Montreal, November 15, 2005 • No 160




Harry Valentine is a free-marketeer living in Eastern Ontario.




by Harry Valentine


          Secessionist sentiments that prevail in both Alberta and Quebec can be examined in view of envy that may exist within segments of the populations of both regions. Reference to the theory of envy between similar classes of people was first mentioned by Alexis de Tocqueville in a treatise about politics and the French Revolution(1). According to Tocqueville and also Emile Faguet, humiliation rather than oppression inspired the revolution, a result of the 18th century French middle class being almost as rich and as powerful as the French nobility(2). As Helmut Schoek wrote, "Man's envy is at its most intense where all are almost equal."(3) Discontent with France's political regime was highest in regions where most of the improvement had occurred. This discontent motivated the middle class to champion the cause of the underprivileged and in doing so, they made the lower classes aware of the wrongs that had been perpetuated against them by the elite.


          During the early and mid-20th century, Francophones had been denied opportunity for advancement in mainly English controlled industries that once formed the backbone of the Quebec economy. Supervisory openings that became available were filled with personnel who were brought in from outside Quebec. Members of the Francophone labour force knew that they had the experience and ability to do the same job and as proficiently. Denying them such opportunity for advancement became a source of humiliation and resentment. The founders of the sovereignty movement often referred to a time when Francophones were humiliated in the workplace by being treated as second class citizens in Quebec.

          Despite the political fervour, it was ongoing technological advancement in industry and in manufacturing that ultimately brought about change in Quebec. Alvin Toffler's writings describe the kinds of social and economic changes that could result when technological advancement created entirely new job categories that had never previously existed(4). Such industrial advancement unintentionally championed the cause of Quebec's francophone labour force by creating new job opportunities for them, reducing the humiliation that they had previously suffered in English-owned industries. They subsequently became more aware of wrongs that had been previously perpetrated against them and, as a result, major social and political upheaval began in Quebec after the mid-1960's.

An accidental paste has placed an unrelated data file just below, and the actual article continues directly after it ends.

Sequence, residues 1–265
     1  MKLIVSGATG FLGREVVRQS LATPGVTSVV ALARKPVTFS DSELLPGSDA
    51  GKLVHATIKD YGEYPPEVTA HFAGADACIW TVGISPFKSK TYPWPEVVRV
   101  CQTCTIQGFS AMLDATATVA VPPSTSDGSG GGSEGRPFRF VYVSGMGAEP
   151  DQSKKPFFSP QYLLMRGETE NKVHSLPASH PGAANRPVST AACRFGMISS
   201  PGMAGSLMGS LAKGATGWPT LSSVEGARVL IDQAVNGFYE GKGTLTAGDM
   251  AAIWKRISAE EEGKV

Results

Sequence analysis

Tocqueville theorized that the most perilous time for an oppressive regime is when it seeks to mend its ways. Industrial advancement brought competition to older industries and governments in Ottawa and Quebec City were essentially powerless to protect politically favoured industries from such legitimate competition. Traditional industries that embraced such technological advances risked bringing about changes within their work forces. Improving the nature of work can make people aware of injustices they had previously endured and motivate them to agitate for changes in the society at large. By the mid-1960's, a quiet revolution had begun in Quebec as public protests and demonstrations against established institutions became more numerous.

          In the decade that followed, Quebec was rocked by social upheavals and by people agitating for political change. During the early 1970's, the federal government created an industrial grant program to encourage industries to locate in economically disadvantaged areas, including Quebec. Instead of winning support inside Quebec, the program earned the resentment of a portion of Quebec's workforce(5). Quebec-based companies that were having labour union problems used the federal industrial grants to relocate to other economically disadvantaged regions of Canada. The grant program was cancelled as René Lévesque's PQ government took power in Quebec.

"Ottawa's program of transferring funding from wealthier regions of Canada to the poorer regions has traditionally resulted in the inefficient and wasteful use of these funds. This program has produced the anti-Quebec sentiment that prevailed outside Quebec and it gave rise to the Western Independence movement."